Tobacco Prevention Program Funding

The American Lung Association strongly supports funding state tobacco prevention and cessation programs at levels recommended by the Centers for Disease Control and Prevention (CDC). Sustained investment in these vital public health programs over the long term will prevent thousands of illnesses and deaths from tobacco use and save billions of dollars in medical expenses.

However, only three states are currently funding state tobacco control programs at close to the level recommended by CDC. Overall states collect over $27.2 billion from tobacco settlement payments and tobacco taxes each year, but spend less than three cents of every dollar to help prevent and reduce tobacco use.

Why Fully Funding Tobacco Prevention and Cessation Programs is Important:

  • Tobacco prevention and cessation programs are very cost effective. A 2013 study found that California's tobacco control program saved over $55 in health care cost savings for every $1 invested from 1989 to 2008. A 2011 study showed that Washington's program saved the state $5 in just tobacco-related hospitalization costs for every $1 spent from 2000 to 2009.
  • Fewer young people would smoke. One study concluded that if states spent just the minimum amount recommended by the CDC, youth smoking rates would be 3 percent to 14 percent lower nationwide.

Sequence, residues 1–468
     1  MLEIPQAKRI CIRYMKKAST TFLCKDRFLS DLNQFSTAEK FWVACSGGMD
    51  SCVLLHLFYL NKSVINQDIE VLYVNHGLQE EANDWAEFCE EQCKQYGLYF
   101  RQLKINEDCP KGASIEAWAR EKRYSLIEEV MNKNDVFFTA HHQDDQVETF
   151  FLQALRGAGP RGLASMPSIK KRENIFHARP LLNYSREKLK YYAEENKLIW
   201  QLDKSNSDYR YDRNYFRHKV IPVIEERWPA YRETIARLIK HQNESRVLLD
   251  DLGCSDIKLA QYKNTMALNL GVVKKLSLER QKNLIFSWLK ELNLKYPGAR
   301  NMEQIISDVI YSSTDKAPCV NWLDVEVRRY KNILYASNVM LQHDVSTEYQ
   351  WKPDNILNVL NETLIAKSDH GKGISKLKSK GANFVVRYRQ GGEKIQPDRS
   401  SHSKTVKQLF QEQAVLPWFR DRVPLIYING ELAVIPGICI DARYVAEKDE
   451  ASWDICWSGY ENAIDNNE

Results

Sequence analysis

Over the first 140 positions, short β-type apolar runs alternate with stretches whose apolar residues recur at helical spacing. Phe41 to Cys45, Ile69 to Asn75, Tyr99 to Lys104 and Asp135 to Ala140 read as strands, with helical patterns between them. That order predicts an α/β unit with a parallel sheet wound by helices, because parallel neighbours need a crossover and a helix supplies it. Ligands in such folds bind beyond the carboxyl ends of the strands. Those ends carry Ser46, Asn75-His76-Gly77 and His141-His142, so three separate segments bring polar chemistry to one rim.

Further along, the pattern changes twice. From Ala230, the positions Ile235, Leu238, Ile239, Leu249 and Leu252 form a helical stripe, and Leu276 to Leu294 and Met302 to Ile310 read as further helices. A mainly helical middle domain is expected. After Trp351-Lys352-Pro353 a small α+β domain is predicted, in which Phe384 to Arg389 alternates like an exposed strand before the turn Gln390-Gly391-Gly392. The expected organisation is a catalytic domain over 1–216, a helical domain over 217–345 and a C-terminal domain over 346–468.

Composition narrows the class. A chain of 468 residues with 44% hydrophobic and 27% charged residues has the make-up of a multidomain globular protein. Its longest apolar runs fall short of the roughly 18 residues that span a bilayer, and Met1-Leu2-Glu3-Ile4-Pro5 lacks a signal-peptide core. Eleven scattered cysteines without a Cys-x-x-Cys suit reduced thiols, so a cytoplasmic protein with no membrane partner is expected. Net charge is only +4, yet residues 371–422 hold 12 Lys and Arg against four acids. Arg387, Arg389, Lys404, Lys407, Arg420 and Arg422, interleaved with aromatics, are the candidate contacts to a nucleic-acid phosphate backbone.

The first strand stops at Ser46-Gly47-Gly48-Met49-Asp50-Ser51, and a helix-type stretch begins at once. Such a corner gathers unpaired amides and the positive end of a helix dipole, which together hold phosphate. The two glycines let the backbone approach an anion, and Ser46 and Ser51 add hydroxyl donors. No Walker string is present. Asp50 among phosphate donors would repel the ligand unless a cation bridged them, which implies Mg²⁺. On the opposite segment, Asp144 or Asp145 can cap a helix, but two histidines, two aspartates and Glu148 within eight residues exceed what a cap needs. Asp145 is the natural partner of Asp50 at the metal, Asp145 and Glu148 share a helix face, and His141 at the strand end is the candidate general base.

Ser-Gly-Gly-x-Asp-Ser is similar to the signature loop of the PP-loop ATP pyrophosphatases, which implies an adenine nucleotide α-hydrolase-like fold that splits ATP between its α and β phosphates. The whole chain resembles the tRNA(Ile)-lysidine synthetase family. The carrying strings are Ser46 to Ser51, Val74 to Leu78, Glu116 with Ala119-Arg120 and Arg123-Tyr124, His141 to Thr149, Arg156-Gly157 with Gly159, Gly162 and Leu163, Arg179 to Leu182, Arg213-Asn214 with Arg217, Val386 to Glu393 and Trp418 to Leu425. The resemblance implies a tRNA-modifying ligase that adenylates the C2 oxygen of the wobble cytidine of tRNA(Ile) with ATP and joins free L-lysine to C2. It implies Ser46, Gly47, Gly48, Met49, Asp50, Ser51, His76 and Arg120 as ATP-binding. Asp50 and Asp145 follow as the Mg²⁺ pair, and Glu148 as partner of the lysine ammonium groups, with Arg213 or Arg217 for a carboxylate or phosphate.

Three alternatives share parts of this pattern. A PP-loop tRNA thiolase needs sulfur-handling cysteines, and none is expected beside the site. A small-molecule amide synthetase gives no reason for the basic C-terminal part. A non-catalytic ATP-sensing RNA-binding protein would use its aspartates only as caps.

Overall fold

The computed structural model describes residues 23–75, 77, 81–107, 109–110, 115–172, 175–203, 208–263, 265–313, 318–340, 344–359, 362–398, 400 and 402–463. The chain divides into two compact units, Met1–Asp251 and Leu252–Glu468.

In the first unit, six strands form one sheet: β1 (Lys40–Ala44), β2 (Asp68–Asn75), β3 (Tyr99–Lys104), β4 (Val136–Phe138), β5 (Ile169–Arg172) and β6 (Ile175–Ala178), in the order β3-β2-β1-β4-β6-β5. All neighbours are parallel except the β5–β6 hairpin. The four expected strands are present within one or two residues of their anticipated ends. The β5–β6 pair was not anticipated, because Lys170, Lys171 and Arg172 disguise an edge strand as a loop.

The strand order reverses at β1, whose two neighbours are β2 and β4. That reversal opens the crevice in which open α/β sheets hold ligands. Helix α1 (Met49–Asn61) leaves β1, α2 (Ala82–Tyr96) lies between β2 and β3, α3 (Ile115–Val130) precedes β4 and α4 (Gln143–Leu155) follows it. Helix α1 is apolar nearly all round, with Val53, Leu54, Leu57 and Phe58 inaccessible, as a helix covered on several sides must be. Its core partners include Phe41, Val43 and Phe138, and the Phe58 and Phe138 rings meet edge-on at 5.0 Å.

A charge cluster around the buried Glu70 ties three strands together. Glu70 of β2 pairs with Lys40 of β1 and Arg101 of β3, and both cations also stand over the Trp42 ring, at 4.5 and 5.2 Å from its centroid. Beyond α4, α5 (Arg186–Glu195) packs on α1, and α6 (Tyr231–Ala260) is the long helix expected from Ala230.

• Fewer adults would smoke. A study concluded that if states had spent just the minimum amount recommended by the CDC between 1995 and 2003, there would have been between 2.2 million and 7.1 million fewer smokers.
  • Click here for more information on state tobacco control programs
  • See how your state measures up in our State of Tobacco Control report
  1. Lightwood J, Glantz SA (2013) The Effect of the California Tobacco Control Program on Smoking Prevalence, Cigarette Consumption, and Healthcare Costs: 1989-2008. PLoS ONE 8(2): e47145

  2. Dilley JA, Harris JR, Boysun MJ, Reid TR. Program, Policy and Price Interventions for Tobacco Control: Quantifying the Return on Investment of a State Tobacco Control Program. Am J Public Health. Published online ahead of print. December 15, 2011: e1-e7.

  3. Taurus JA, Chaloupka FJ, Farrelly MC, Giovino GA, Wakefield M, Johnston LD, O’Malley PM, Kloska DD, Pechacek TF. State Tobacco Control Spending and Youth Smoking. Am. J. Public Health. 2005 Feb.; 95(2): 338-44.

  4. Farrelly MC, Pechacek TF, Thomas KY, Nelson D. The Impact of Tobacco Control Programs on Adult Smoking. Am J Public Health. 2008 Feb.; 98(2): 304-9.

Page last updated: November 17, 2022

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